While starting a new role in a leadership position is certainly exciting, these type of positions come with their own, fair share of overwhelming responsibility. Surrounded by instant pressure, taking on a leadership position can be a stressful exercise. However, it also provides an opportunity for individuals to prove themselves, as well as showcase their talents and abilities.
This is according to Kay Vittee, CEO of Kelly, who says that although making a successful transition into a leadership role is never easy, the success (or failure) of a leader during the first months is usually a good indication of their future or long-term performance in the role.
“The best leaders know that their success or failure depends on their ability to inspire, guide and harness relationships both internally and outside the organisation.”
Vittee further explains that as a leader transitions into their new role, everyone automatically expects to see immediate change within the organisation.
“During this time, the leader could potentially find themselves in a very uncomfortable position, battling to build relationships with the right people, and failing to fully understand what their new role entails. So if indeed the leaders’ transition is not in an upward trajectory from the word go, then their future in the role could certainly appear bleak,” she comments.
So what exactly does it take to make a successful transition into a new leadership role? Vittee recommends the following tips:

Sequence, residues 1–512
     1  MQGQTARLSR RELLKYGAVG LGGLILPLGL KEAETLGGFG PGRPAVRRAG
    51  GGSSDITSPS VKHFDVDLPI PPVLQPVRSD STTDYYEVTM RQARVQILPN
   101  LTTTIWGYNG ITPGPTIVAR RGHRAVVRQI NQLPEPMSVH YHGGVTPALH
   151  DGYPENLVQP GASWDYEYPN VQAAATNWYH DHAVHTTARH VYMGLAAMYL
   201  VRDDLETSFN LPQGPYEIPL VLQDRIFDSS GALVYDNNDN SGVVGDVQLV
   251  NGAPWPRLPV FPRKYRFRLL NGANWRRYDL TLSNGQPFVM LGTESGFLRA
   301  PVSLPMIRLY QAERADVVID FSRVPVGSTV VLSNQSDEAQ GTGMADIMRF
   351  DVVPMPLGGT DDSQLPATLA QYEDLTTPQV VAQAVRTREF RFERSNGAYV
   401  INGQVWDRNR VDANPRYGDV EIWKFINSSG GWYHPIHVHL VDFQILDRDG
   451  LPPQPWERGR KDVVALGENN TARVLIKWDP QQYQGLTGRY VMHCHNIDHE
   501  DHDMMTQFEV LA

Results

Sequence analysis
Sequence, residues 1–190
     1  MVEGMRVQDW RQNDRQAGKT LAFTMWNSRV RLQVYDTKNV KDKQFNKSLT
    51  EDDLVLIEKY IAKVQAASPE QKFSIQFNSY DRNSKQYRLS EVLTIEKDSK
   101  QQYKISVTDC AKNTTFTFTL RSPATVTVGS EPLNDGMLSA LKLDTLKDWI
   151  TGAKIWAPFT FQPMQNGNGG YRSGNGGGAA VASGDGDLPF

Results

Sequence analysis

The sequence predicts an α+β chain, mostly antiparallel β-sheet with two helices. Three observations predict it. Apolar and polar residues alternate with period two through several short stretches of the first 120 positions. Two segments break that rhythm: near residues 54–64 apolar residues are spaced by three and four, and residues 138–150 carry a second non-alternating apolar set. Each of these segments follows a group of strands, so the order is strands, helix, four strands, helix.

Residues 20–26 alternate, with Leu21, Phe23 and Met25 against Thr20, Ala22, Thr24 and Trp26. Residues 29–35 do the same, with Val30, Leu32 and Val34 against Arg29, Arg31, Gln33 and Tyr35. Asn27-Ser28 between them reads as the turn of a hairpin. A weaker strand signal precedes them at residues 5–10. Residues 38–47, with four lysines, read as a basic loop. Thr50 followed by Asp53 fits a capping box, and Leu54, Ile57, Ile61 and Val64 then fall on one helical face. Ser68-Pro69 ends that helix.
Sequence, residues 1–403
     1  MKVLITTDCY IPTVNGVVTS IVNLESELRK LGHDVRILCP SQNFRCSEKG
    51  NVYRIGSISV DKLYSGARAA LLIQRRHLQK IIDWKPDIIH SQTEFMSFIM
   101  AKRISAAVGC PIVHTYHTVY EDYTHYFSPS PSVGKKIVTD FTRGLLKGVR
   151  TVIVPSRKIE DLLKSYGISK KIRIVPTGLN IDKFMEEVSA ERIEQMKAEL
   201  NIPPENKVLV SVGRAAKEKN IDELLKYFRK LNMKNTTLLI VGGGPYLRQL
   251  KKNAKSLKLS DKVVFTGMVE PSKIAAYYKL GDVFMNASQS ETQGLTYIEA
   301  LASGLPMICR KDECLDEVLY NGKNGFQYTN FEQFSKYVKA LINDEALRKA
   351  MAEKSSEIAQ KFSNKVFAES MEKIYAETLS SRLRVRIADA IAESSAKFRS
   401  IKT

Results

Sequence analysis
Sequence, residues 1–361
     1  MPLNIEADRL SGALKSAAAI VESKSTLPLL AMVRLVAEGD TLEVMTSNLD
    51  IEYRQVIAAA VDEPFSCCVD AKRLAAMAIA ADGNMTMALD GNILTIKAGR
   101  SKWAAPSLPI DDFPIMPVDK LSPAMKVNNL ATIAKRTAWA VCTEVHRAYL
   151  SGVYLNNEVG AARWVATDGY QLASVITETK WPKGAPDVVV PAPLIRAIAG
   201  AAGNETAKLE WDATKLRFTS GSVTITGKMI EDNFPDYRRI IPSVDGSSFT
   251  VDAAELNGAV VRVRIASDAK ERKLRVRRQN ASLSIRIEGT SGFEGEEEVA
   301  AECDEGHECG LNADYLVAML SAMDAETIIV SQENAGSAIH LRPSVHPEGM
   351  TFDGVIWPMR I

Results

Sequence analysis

* Know the difference between managing and leading; and make leadership your goal – Leaders inspire, while managers control. As a leader, your role will require that you oversee bigger organisational ventures, staff, departmental goals, and more. To achieve this, you will need to always ensure that the moving parts remain connected in order to consistently achieve the overall goals of the organisation.
* You will be the principal problem solver of the organisation – You were put into a leadership role for a reason, and generally, that reason involves solving problems which might exist within the organisation. Ensure that you are aware of these problems, familiarise yourself with them and always have a well devised strategy in place to deal with them.
* Continually reviewing the organisation’s objectives is essential – This, too, will be your responsibility. These objectives will be given to you by upper management and information gathered from other sources.
* Get a mentor – Despite the expertise which has put you in a leadership position, it is always a good idea to seek the guidance of a mentor who has more knowledge and experience than you. Choose someone that is willing to advise and guide you.
* Time management is key – As a leader, time management is a key aspect of your role. You will be confronted with a myriad of responsibilities, and successfully juggling them, will require effective planning in order to multi-task successfully.
* Improve communication – Communication is one of the pillars of successful business, and the cornerstone of successful leadership. Be clear about status updates and expectations for projects.
* Understand it’s not about you – True leaders understand that their success is dependent on those they serve. When it comes to your staff, it’s imperative that you invest enough time to get to know them, and by doing so, learn what they need from you to succeed.
* Trust your team’s abilities – Micromanagement is counterproductive. Instead, show your staff that you trust them enough to give them the chance to shine. By doing so, you will not only improve confidence in their individual abilities, but you will also have a bird’s eye view to establish if everyone on the team is doing their part, and not merely relying on the efforts of others.
“Success in putting the above tips into practice, which will ensure a smooth transition. Being a good manager can be a challenge at the best of times, and in order to succeed in this position, you must realise that your success is directly dependent on the success of your team,” concludes Vittee.